There were no histrionics and saber rattling comparable to Thatcher’s when May took office on Thursday. Yet her anonymous rise has created a problem. As financial markets quake and the European Union looks on, bewildered, we know very little about Mrs. Theresa May. Unlike the Iron Lady, who said she was going to smash the unions, make the rich richer and oppose greater European unification, May remains a mystery. After three weeks of astonishing political upheaval Britain craves some certainty. Though it is a vastly diminished power Britain still plays a significant role internationally. London remains a vital international powerhouse. And, just as in Tony Blair’s day, Britain remains the United States’ closest ally.

Yet May, the daughter of a Church of England vicar, did seem destined to bring harmony where there was discord. Her speech outside Number 10 was all about unity and with its surprising references to the plight of the poor and racial minorities was most un-Tory-like.

Analysis of the Brexit vote, which can be read in depth here in the Tory supporting Daily Telegraph, shows a country that is riven by division. If you were older, particularly over 60, you were far more likely to vote to leave. If you were better educated you voted to stay. If you were living in an area with high immigration you voted to stay. If you were working class you were far more likely to want to leave.

May had processed all this statistical data and she has moved immediately to confront the division in British society that is Thatcher’s legacy.

She pledged to form a “one nation” government that works for all not just the “privileged few”.
She said: “That means fighting against the burning injustice that if you're born poor you will die on average nine years earlier than others.”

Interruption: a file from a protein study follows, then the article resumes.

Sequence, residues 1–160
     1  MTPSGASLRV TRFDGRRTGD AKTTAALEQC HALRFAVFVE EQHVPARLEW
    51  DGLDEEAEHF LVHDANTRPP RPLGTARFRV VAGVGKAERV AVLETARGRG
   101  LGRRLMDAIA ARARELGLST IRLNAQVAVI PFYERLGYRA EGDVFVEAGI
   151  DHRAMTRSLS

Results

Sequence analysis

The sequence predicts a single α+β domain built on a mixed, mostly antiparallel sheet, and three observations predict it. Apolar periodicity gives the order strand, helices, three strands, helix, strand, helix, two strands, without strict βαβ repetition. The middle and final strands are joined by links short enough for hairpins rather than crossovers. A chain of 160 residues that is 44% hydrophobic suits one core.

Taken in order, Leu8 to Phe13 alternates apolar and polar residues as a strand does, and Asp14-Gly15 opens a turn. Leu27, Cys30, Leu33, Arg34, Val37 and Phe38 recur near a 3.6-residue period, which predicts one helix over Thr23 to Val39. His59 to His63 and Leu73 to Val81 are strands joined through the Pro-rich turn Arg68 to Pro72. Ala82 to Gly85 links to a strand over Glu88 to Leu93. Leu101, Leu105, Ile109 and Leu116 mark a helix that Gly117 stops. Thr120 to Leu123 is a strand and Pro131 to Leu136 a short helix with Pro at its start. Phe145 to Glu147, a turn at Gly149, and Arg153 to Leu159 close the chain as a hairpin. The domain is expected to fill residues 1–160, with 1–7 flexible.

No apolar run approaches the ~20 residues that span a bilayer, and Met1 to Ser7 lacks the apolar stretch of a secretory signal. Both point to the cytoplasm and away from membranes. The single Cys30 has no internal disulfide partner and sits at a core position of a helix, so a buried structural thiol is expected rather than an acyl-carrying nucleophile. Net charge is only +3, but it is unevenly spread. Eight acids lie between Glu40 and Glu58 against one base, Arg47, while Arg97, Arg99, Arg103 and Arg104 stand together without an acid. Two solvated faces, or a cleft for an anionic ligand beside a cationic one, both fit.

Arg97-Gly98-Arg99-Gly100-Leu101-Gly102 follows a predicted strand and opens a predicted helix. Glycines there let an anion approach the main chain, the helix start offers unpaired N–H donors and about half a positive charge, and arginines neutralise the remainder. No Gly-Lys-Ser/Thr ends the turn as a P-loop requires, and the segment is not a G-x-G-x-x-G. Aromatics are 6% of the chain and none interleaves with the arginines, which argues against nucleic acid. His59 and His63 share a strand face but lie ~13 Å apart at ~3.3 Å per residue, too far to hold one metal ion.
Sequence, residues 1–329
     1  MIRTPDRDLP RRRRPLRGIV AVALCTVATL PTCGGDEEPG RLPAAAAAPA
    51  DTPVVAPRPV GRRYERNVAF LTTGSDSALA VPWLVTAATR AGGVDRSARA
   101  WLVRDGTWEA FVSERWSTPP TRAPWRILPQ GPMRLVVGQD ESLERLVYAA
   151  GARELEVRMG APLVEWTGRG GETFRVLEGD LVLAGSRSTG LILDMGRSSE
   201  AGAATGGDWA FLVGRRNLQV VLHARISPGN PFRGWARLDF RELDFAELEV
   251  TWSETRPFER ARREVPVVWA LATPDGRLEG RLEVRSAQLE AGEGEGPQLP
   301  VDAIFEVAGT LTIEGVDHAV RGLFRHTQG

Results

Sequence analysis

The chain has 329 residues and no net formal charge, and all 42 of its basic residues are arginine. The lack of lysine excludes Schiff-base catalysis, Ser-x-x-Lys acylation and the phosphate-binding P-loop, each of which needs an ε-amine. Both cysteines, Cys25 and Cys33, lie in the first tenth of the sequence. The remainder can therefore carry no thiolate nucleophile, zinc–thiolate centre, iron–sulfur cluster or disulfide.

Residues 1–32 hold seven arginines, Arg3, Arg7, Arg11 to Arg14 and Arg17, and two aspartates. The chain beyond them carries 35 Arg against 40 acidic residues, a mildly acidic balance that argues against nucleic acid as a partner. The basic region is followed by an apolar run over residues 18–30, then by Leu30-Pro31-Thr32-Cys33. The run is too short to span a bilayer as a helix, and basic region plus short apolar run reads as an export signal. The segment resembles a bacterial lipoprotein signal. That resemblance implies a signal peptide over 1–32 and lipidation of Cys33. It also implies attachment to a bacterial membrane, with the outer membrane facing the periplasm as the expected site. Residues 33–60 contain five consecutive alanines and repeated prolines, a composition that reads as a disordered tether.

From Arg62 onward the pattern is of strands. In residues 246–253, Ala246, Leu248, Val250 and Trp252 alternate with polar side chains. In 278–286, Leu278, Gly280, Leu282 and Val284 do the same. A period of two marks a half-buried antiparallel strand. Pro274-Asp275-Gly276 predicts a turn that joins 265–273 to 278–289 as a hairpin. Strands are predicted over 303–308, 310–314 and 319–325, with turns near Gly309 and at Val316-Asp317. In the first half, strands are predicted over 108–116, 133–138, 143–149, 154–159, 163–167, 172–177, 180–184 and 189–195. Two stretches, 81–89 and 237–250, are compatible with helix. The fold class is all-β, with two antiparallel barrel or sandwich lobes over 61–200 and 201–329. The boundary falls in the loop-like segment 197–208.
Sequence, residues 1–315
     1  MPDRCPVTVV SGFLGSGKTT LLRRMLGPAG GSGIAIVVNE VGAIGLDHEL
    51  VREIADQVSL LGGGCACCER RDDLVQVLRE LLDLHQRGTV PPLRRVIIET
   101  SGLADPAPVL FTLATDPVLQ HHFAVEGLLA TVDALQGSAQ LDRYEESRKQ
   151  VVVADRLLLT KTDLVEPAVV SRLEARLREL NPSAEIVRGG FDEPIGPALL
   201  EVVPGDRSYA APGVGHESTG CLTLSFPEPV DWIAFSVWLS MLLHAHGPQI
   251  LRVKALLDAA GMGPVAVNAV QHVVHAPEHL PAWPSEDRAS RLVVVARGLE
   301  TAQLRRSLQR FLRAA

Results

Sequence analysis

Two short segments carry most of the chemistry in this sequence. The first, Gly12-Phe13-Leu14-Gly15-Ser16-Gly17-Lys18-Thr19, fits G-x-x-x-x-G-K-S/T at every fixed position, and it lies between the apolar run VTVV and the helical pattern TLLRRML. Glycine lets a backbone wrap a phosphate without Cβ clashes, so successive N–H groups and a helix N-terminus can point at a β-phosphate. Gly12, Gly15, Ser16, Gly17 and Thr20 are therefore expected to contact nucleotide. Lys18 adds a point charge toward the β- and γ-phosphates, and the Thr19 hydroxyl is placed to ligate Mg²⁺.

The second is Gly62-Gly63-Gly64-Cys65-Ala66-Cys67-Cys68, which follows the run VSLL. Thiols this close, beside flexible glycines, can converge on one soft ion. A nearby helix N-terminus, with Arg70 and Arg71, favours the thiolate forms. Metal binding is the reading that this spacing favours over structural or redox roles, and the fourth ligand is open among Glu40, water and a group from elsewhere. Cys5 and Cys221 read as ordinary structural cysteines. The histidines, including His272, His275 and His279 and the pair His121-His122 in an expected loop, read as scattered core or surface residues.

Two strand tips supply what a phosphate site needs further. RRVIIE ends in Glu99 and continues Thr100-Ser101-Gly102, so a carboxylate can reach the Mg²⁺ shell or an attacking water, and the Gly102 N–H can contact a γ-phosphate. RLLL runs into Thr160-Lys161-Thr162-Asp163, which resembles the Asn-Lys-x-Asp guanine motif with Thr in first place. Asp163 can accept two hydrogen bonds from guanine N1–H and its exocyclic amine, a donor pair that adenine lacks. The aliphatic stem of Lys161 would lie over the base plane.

She acknowledged that for an “ordinary working class family life is much harder than many people in Westminster realize.”

In Britain people believe her and like her. There were protests in Whitehall, adjacent to Downing Street, as she spoke. But the bizarre rave type protest was gentler than the frightened and angry hordes that tried to shout down Thatcher.

Mrs. May is emotionally intelligent and understood from the start – she was first elected to the House of Commons in 1997 – that the Tories had an image problem.

She became party chairwoman in 2002 and made a speech that has been referred to many times since she became a contender.

“Our base is too narrow and so, occasionally, are our sympathies,” she said, “You know what some people call us? The nasty party. I know that’s unfair, you know that’s unfair, but it’s the people out there that we have to convince.”

But it was some of the lower key things she said in recent days that grasp attention most. In assertions that left wing Labour leader Jeremy Corbyn would be lacerated for she has appeared almost socialist.

She gave her first major economic speech on Monday. Here too she was all about equality.
“There is an irrational, unhealthy and growing gap between what these companies pay their workers and what they pay their bosses,” May said.

She called for full disclosure of bonus targets and the publication of data showing CEO compensation as a multiple of a company’s average pay.

And it is revolutionary talk like this that impacts the financial sector that will attract most attention abroad. A German investment banker brought up the ‘T’ word when speaking to the London Independent.

“Thatcher broke the unions,” said Ingo Speich, a fund manager at Union Investment in Frankfurt.
“When you bring them to the board, even as non-executive directors, it’s a clear signal to the markets that things are changing.”